Knit Together {Awesome Guest Post by Gillian Marchenko)

I’m so grateful to have Gillian Marchenko here today talking about how cool we all are, no matter what shape we’re in.She is a Christian, wife, mother, writer, speaker, and advocate for individuals with special needs. Check out Gillian’s website at www.gillianmarchenko.com



For you created my inmost being; you knit me together in my mother’s womb.

(Psalm 119:13 NIV)

My mother knits

I see her in a chair in my childhood home in pajamas, hair wet from a bath, a Coke sweating on a flimsy paper napkin next to her on the side table. Her hands move, click, click, click, click. Sometimes she’d unravel a sweater or a scarf because of a mistake. I didn’t see the point. Why start over because of a few mistakes? “Who wants something with mistakes?” she’d say.

How my child was being knit together?

Before the birth of our third child, I read a book about a woman who had a baby with Down syndrome.  “I couldn’t do it,” I told my husband. “I could never mother a child with special needs.” Ducking to dodge lightning, I yearned to retract my words.  Our baby, probably no bigger than a lima bean, tumbled inside me.  A life paddled around growing fingers and toes. God was knitting her together in my womb. I trusted him, and yet I worried. What if she has special needs? I don’t think I can handle that, Lord.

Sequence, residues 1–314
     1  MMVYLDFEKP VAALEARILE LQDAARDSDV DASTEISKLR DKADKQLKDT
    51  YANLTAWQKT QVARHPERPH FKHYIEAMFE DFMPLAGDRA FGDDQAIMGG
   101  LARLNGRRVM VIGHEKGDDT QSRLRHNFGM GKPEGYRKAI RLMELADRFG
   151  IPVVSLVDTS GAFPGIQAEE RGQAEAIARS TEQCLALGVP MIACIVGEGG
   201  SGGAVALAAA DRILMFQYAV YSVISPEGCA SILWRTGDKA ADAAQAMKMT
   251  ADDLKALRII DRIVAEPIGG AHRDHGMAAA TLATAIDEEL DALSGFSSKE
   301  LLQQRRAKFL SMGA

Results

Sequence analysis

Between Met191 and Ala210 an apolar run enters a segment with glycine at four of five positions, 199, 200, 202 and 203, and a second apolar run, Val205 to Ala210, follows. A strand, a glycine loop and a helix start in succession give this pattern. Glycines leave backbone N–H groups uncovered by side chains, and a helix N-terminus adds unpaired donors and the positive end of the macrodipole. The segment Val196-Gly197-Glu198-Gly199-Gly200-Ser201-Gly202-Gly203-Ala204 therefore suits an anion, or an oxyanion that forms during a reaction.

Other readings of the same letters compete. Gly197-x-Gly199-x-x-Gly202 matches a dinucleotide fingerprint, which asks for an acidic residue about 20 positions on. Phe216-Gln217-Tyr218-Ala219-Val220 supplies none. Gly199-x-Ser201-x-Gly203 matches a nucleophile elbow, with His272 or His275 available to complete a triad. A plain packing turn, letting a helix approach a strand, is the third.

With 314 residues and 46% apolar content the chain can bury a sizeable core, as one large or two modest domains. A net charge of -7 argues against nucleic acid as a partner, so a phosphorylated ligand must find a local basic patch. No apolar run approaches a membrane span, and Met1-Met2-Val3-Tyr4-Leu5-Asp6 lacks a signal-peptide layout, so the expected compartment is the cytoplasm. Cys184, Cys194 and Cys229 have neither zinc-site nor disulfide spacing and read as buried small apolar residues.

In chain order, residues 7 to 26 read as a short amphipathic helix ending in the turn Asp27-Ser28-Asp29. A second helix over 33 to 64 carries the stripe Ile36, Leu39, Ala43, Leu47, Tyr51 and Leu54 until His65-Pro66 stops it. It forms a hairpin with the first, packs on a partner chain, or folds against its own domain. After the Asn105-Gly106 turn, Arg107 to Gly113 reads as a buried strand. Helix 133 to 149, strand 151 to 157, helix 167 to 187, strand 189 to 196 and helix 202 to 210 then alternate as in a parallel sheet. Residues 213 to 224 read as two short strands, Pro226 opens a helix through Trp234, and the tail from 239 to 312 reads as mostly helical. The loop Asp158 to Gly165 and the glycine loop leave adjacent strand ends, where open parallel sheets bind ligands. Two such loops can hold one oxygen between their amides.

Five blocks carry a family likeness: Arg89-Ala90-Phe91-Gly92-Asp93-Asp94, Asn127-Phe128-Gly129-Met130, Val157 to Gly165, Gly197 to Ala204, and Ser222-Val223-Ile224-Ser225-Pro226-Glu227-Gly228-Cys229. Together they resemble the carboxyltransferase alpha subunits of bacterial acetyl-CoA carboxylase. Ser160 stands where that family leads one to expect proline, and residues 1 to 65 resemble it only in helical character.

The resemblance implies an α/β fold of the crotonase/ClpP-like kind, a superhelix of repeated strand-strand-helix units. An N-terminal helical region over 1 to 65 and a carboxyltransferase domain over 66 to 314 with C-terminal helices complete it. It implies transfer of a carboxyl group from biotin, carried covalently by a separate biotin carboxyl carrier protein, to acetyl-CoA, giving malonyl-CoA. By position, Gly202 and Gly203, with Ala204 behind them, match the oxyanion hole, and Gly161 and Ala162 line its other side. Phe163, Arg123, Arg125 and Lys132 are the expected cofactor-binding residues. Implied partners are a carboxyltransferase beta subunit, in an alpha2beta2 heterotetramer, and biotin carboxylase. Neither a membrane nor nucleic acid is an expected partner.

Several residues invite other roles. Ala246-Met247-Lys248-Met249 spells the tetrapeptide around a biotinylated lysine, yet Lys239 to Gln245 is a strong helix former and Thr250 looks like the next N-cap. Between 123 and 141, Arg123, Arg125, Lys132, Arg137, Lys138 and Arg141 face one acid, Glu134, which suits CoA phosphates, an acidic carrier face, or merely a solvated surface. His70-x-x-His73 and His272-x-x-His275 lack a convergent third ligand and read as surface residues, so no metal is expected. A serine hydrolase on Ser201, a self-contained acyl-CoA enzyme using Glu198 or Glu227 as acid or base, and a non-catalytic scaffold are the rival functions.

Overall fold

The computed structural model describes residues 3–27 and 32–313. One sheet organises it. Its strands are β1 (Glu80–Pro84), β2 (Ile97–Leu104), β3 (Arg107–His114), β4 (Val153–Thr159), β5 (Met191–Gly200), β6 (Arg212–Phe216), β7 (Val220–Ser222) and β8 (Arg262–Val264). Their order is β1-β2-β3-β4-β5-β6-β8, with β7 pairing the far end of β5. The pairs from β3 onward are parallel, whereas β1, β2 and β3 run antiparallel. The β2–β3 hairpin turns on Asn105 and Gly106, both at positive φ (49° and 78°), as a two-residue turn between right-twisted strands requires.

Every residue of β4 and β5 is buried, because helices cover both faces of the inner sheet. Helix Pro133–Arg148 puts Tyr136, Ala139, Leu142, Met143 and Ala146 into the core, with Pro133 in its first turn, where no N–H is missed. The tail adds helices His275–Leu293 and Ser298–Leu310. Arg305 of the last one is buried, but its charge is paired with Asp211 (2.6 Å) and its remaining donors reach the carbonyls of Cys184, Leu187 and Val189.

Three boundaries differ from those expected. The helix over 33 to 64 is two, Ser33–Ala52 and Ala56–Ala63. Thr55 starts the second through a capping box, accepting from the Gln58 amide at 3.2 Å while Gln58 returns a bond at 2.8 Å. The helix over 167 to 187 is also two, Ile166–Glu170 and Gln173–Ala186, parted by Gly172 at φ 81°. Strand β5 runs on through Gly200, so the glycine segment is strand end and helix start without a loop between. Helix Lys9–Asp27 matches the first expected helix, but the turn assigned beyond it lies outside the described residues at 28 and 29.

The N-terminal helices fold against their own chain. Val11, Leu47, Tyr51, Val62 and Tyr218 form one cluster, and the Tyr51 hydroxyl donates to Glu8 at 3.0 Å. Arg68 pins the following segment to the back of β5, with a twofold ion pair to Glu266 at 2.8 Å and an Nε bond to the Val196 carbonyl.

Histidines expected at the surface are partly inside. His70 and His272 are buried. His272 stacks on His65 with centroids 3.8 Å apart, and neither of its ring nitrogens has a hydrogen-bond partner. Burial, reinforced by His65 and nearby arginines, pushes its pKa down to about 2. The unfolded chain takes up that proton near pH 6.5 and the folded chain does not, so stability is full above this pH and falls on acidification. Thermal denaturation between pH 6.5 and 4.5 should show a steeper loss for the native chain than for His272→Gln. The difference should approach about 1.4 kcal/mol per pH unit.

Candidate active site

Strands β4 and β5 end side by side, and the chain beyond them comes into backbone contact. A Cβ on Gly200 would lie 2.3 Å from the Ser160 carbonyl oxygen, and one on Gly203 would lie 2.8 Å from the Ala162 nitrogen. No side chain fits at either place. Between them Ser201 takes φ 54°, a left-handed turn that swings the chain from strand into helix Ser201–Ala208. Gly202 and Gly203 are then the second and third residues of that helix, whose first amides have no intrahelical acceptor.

Down syndrome

Months later our baby was born with Down syndrome. I grieved. She was not who I expected. Being a special needs mother was not the life I wanted to live. I believed in a theology that God doesn’t make mistakes. But our daughter’s birth brought us home from the mission field, and broke my faith. It all seemed like a mistake.

God gives us more than we can handle

People say that “God doesn’t give you more than you can handle.”

I call bull.

At first, I absolutely could not handle a child with special needs. But with time, God pointed out that I was not to handle this new path of motherhood. I was supposed to hand it to him.

I’ve been a special needs mom now for six years

The child I thought I could never parent is a daily anti-depressant in my life, and the best object lesson for living un-caged. With her entrance into the world, God picked me up, shook me, and sat me back down in a totally different place. My faith was broken and rebuilt. I started writing. A few years later we adopted another little girl with Down syndrome from Ukraine. God gave my family a thriving ministry in Chicago geared towards special needs.

What I’ve learned

God knits with purpose. Always.

I don’t have to handle life on my own. Instead, I try to hand it to Jesus.

We all have holes in our lives. Through Christ, they can be filled.

 


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